a)      Revenue Deficit.
b)      Fiscal Deficit and
c)       Primary Deficit.
16. What is meant by revenue deficit? What are the implications of this deficit?                             2015, 2016
Ans. Revenue deficit refers to the excess of total revenue expenditure of the government over its total revenue receipts.
Implications:
1)      Revenue deficit affects the economic growth of the economy as Govt. expenditure is reduced to the extent of deficit on the revenue account.
2)      Revenue deficit lowers the rate of economic growth of an economy as govt. has to borrow from the market which reduces the resources available for private investment.
3)      Revenue deficit is a reflection of the government’s fiscal policy.
17. Define fiscal deficit. State two implications of fiscal deficit.
Ans: Fiscal deficit is defined as excess of total expenditure over total receipts excluding borrowings during a fiscal year.
Implications:
a)      High fiscal deficit generally leads to wasteful and unnecessary expenditure by the government.
b)      Payment of interest increases expenditure leading to higher revenue deficit which, in turn lead to more borrowing. Thus, the government may be forced to borrow more to finance even interest payment creating ‘vicious circle’ and ‘debt-trap’.
18. Show the relationship between revenue deficit and fiscal deficit.
Ans: Following are the relationship between revenue deficit and fiscal deficit:
a)      Revenue deficit is the excess of revenue expenditure over revenue receipts. This is, revenue deficit = RE > RR.
b)      Fiscal deficit is the excess of total expenditure (both on revenue and capital accounts) over revenue receipts. This is, Fiscal deficit = Total budget expenditure – Total budget receipts net of borrowings.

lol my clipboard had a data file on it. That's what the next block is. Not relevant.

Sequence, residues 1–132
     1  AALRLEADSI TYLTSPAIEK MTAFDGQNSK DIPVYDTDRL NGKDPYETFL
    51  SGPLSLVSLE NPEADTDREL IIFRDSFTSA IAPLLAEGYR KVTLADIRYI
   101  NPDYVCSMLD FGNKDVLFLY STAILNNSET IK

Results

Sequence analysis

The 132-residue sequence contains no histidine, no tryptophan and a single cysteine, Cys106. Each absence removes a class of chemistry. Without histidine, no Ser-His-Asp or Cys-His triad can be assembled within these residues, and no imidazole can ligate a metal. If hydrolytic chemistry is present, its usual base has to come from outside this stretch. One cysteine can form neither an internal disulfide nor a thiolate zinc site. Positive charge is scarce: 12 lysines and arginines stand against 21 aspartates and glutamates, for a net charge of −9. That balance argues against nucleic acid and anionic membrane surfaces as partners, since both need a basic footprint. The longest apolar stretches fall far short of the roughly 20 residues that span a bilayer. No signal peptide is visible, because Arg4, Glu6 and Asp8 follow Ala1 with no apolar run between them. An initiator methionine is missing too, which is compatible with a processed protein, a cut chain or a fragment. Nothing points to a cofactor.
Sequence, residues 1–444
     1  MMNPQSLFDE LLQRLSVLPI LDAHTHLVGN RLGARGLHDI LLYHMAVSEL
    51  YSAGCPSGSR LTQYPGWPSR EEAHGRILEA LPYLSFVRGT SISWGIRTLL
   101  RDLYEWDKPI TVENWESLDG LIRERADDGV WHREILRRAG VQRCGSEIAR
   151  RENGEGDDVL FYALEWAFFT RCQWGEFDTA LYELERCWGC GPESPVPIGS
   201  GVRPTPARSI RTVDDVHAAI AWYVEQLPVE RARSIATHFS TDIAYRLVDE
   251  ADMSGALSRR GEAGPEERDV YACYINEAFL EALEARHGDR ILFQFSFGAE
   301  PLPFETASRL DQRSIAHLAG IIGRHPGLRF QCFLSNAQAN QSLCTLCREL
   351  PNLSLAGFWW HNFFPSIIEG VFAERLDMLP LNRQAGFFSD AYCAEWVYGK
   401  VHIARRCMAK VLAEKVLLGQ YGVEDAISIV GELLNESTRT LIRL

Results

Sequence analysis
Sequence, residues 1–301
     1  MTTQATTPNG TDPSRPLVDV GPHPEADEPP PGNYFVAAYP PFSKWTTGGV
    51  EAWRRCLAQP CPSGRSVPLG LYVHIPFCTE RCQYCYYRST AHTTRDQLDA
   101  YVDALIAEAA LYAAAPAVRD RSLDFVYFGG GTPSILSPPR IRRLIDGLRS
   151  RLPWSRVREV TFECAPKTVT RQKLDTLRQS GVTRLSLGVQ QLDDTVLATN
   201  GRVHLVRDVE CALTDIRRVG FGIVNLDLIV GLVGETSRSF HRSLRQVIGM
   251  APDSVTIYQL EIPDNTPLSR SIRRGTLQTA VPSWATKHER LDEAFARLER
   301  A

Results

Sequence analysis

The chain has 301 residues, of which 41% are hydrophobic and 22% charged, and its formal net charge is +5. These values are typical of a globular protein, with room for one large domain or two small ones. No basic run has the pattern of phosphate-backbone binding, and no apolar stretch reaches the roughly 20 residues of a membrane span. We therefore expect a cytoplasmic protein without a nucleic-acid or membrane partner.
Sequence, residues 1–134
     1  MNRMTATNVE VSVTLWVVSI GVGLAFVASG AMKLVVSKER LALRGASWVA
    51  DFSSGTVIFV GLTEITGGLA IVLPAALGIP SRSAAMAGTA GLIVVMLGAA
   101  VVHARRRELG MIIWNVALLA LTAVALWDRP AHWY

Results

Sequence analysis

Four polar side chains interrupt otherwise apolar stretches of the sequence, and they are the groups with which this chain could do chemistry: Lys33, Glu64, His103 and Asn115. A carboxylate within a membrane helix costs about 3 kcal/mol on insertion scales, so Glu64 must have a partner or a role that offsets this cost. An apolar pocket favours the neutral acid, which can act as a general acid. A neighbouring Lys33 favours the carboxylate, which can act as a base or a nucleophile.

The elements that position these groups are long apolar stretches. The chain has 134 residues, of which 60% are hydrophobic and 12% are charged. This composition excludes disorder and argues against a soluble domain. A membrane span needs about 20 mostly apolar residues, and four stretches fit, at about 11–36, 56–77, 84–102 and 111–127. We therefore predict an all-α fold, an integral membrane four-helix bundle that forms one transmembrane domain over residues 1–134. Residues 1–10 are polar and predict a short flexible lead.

19. What is primary deficit? Explain its significance.
Ans. Primary deficit is defined as fiscal deficit minus interest payment on previous borrowings. Primary deficit = Fiscal deficit – Interest payments.
Significance: Primary deficit shows the borrowing requirements of the government for meeting expenditure exclusive of interest payments. If primary deficit is zero, then fiscal deficit is equal to interest payment.
20. Distinguish between Revenue, Fiscal and Primary deficit.
Revenue deficit
Fiscal deficit
Primary deficit
Revenue deficit refers to the excess of total revenue expenditure of the government over its total revenue receipts.
Fiscal deficit is defined as excess of total expenditure over total receipts excluding borrowings during a fiscal year.
Primary deficit is defined as fiscal deficit minus interest payment on previous borrowings.
It signifies that government is living beyond its means even to conduct its day to day operations.
It implies total borrowing requirements of the government.
It shows borrowing requirements of the government exclusive of interest payments.